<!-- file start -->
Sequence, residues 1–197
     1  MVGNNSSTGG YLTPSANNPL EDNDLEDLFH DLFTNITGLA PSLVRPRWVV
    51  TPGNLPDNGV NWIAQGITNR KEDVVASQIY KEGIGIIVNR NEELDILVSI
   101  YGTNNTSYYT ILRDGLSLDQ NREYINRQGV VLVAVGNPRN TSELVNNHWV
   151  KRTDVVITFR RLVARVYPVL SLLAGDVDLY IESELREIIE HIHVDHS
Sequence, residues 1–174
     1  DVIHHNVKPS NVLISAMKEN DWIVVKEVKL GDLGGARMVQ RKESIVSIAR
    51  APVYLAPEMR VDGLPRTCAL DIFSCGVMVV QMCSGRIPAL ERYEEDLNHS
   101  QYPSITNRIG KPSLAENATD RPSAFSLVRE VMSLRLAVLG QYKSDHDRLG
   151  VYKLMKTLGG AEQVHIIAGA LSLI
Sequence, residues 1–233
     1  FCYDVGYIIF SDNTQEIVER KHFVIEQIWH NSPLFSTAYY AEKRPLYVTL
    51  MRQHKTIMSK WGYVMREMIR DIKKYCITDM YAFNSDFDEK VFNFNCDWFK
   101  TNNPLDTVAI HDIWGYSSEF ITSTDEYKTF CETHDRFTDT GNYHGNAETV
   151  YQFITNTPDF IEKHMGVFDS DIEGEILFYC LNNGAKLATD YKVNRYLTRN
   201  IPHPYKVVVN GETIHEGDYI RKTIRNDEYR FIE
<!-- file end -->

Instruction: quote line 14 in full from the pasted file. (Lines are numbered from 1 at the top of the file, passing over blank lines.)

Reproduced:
   101  TNNPLDTVAI HDIWGYSSEF ITSTDEYKTF CETHDRFTDT GNYHGNAETV